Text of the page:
Every society relies on unpaid labour to function, whether it’s cooking, cleaning or caring for children, all of these things must be done and they must be done by someone.
Unfortunately for women all over the world, it’s usually them.
According to Melinda Gates it’s “the gender gap no one is talking about” and it needs to be redressed, urgently.
“Unpaid work is what it says it is: It’s work, not play, and you don’t get any money for doing it. But every society needs it to function,” Gates writes in her half of the annual letter from herself and husband Bill.
In the Gates’ household there’s a rule: “Nobody leaves the kitchen until Mom leaves the kitchen.”
When she first introduced it, suffice to say, it wasn’t immediately popular, but Melinda was tired of doing the chores, simply because she was matriarch and her husband and three children quickly adjusted.
“It’s not just about fairness; assigning most unpaid work to women harms everyone: men, women, boys, and girls,” Gates writes.
“Globally, women spend an average of 4.5 hours a day on unpaid work. Men spend less than half that much time.”
She adds that the burden of unpaid work is far greater for women in the developing world.
In India, for example, women spend about six hours while men spend less than one.
“I know from listening to my kids and their friends — and from looking at polling data about how teenagers see the future — that most girls don’t think they will be stuck with the same rules that kept their grandmothers in the home. And most boys agree with them.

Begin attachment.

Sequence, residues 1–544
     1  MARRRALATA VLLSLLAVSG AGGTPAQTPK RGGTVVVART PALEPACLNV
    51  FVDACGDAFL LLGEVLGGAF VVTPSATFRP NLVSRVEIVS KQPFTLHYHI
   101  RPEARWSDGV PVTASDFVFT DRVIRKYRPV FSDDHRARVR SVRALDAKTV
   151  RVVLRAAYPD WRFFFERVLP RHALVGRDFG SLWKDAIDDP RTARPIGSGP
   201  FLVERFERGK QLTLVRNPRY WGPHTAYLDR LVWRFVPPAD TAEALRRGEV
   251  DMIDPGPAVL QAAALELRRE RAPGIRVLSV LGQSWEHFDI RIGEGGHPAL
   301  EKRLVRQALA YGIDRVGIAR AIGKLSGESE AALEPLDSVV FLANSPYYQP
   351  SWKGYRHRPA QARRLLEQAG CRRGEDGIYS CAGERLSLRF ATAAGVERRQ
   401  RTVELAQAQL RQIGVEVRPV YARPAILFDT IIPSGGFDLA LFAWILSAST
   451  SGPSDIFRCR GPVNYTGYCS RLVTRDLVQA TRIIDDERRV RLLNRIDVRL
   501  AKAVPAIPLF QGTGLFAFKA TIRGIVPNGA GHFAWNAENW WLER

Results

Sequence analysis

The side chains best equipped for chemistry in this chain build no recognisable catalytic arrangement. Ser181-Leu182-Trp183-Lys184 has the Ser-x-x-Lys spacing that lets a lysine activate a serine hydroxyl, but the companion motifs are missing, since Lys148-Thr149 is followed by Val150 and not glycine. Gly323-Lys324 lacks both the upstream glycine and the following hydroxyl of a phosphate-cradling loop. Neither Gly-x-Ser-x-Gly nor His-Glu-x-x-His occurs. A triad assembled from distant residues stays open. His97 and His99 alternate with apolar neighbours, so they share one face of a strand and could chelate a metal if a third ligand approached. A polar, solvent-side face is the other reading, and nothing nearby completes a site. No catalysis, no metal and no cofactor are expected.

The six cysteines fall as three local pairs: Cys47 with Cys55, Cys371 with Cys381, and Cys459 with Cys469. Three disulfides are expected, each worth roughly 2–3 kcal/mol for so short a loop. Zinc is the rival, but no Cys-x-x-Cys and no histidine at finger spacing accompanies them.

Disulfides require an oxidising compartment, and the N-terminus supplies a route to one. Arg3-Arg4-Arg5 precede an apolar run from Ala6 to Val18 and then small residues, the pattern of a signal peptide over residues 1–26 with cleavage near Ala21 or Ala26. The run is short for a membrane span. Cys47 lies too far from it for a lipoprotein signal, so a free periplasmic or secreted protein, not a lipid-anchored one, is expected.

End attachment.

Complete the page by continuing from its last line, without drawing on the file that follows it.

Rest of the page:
“I’m sorry to say this, but if you think that, you’re wrong. Unless things change, girls today will spend hundreds of thousands more hours than boys doing unpaid work simply because society assumes it’s their responsibility.”
Melinda Gates on relieving the burden of “time poverty”.
The result is a worldwide “opportunity cost”, Gates explains, as women miss out because they’re stuck managing the domestic sphere:
“What amazing goals would you accomplish with an extra hour every day? Or, in the case of girls in many poor countries, an extra five or more?”
Girls might use the time to do their homework, their mothers might go to the doctor, she speculates, “some women might simply read a book or take a walk or visit a friend.
“Everybody’s better off when more of us are fulfilled in our daily lives.”
You can read the letter in full here.